The main purpose of this ongoing blog will be to track planetary extreme, or record temperatures related to climate change. Any reports I see of ETs will be listed below the main topic of the day. I’ll refer to extreme or record temperatures as ETs (not extraterrestrials).😉
Main Topic: World Could Lose Half of Glaciers This Century Even If Warming Is Kept to 1.5°C
Dear Diary. It has been a while since we focused on the world’s glaciers. Today I spied a new report on them, and as you might imagine, the news is not good. Many across the planet depend on glaciers for drinking water in which reservoirs are filled from melting ice and other essential uses. In a stable climate any melting ice would be replaced by snow keeping the extent of glaciers well…stable. Now we are learning that even at the first threshold of keeping the climate “stable” in which global average temperatures are kept just at +1.5°C above preindustrial conditions, the world could lose half of its glaciers. I have serious doubts that we will keep the planet below this figure looking at trends, by the way.
Here is that new report via Common Dreams:
A melting glacier is seen near Svalbard Islands in the Arctic Ocean in Norway on July 19, 2022.
(Photo: Sebnem Coskun/Anadolu Agency via Getty Images)
World Could Lose Half of Glaciers This Century Even If Warming Is Kept to 1.5°C
“The rapidly increasing glacier mass losses as global temperature increases beyond 1.5°C stresses the urgency of establishing more ambitious climate pledges,” reads a new study.
In a study that scientists say gathered “an unprecedented amount of data” to determine the fate of the world’s ice sheets with more precision than ever before, researchers revealed Thursday that even if humans manage to limit planetary heating to 1.5°C above preindustrial temperatures, half of the planet’s glaciers are expected to melt by 2100.
Under the current trajectory, the planet is expected to grow 2.7°C warmer this century, which the paper, published in Science and led by researchers at Carnegie Mellon University and University of Alaska, warns will lead to the disappearance of 68% of glaciers.
In that scenario, the U.S., western Canada, and central Europe would lose almost all their glaciers by the end of the century.
“In Spain, the disappearance of the Sierra Nevada glaciers means an almost complete reduction in water availability there from that time onwards, and the same applies to the glaciers in the Pyrenees.”
The scientists, led by David Rounce in the Department of Civil and Environmental Engineering at Carnegie Mellon, examined two decades of satellite data to include all of the world’s roughly 200,000 glaciers in the study. Previous research has focused on specific ice sheets and then extrapolated the data to reach conclusions about all glaciers.
The extensive use of data showed that “the scale and impacts of glacial loss are greater than previously thought,” according toThe Guardian.
The study authors emphasized that policymakers can take action to preserve as many glaciers as possible.
“The rapidly increasing glacier mass losses as global temperature increases beyond 1.5°C stresses the urgency of establishing more ambitious climate pledges to preserve the glaciers in these mountainous regions,” reads the paper.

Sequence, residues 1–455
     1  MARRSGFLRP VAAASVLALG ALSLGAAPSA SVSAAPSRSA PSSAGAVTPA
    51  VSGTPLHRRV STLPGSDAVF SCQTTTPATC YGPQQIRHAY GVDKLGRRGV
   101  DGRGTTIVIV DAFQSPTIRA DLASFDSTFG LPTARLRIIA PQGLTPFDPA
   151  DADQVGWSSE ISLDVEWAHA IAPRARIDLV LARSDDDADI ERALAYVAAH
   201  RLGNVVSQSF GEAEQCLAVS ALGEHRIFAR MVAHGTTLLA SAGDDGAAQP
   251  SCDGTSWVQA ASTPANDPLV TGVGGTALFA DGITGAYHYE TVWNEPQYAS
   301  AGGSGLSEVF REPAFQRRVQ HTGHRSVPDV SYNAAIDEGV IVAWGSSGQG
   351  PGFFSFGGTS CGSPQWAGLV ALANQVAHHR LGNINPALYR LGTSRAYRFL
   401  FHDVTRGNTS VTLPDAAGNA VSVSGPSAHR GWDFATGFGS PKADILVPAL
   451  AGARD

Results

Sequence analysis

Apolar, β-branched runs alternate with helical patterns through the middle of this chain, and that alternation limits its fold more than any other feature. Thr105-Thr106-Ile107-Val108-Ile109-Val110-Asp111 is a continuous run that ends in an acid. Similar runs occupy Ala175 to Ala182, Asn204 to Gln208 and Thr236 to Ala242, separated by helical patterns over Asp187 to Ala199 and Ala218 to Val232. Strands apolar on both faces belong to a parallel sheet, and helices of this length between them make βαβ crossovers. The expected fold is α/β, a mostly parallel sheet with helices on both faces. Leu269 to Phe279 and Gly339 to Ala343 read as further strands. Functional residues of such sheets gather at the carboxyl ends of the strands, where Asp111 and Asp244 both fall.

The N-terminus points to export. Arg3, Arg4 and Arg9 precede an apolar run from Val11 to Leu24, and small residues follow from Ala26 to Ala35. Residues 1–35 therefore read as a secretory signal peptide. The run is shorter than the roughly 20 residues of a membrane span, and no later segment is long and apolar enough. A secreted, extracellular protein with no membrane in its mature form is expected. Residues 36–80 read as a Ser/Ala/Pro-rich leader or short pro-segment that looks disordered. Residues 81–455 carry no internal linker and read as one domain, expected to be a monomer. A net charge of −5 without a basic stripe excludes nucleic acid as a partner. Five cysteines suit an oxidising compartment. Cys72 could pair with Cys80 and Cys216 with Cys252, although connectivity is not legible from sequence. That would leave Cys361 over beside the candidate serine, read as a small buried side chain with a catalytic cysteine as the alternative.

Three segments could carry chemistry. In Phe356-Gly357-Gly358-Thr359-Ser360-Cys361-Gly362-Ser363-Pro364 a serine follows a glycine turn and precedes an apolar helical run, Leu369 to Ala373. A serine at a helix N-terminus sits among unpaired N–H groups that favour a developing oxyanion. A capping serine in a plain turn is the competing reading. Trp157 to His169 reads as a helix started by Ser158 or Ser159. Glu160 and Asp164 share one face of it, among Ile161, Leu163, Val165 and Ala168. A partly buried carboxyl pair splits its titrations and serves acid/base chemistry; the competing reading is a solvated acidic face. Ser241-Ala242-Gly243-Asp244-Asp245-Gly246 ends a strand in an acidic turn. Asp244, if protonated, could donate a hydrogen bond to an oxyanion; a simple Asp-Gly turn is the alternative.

Even under the best-case scenario outlined by the researchers, average sea levels would increase by 3.5 inches from 2015 to 2100. If the planet warms by 2.7°C, 4.5 inches of sea-level rise is expected—23% more than previous models estimated, The Guardian reported.
“The study makes much of the earlier partial data more concrete,” professor Antonio Ruiz de Elvira of the University of Alcalá in Spain, who was not involved in the research, told The Guardian.
The loss of two-thirds of the world’s glaciers would worsen the risk of flooding in coastal areas across the globe and threaten water supplies for up to two billion people.
“In California, the water needed to sustain agriculture comes from glaciers directly from the end of July,” said Ruiz de Elvira. “In Spain, the disappearance of the Sierra Nevada glaciers means an almost complete reduction in water availability there from that time onwards, and the same applies to the glaciers in the Pyrenees. In India and China, they depend crucially on the Himalayan glaciers.”
Our work is licensed under Creative Commons (CC BY-NC-ND 3.0). Feel free to republish and share widely.
Julia Conley is a staff writer for Common Dreams.
OTHER GLACIER ARTICLES
- Water From Major Greenland Ice Melt Could Fill 7.2 Million Olympic Swimming Pools ›
- ‘Unknown Territory’: Antarctic Glaciers Melting At Rate Unprecedented In 5,500 Years: Study ›
- Melting Glaciers Could Unleash Frozen Viruses That Fuel Future Pandemics: Study ›
Here are some “ET’s” recorded from around the planet the last couple of days, their consequences, and some extreme temperature outlooks, as well as some extreme precipitation reports:
Here is some new 2022 climatology:
Here is more climate and weather news from Friday:
(As usual, this will be a fluid post in which more information gets added during the day as it crosses my radar, crediting all who have put it on-line. Items will be archived on this site for posterity. In most instances click on the pictures of each tweet to see each article. The most noteworthy items will be listed first.)
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Guy Walton… “The Climate Guy”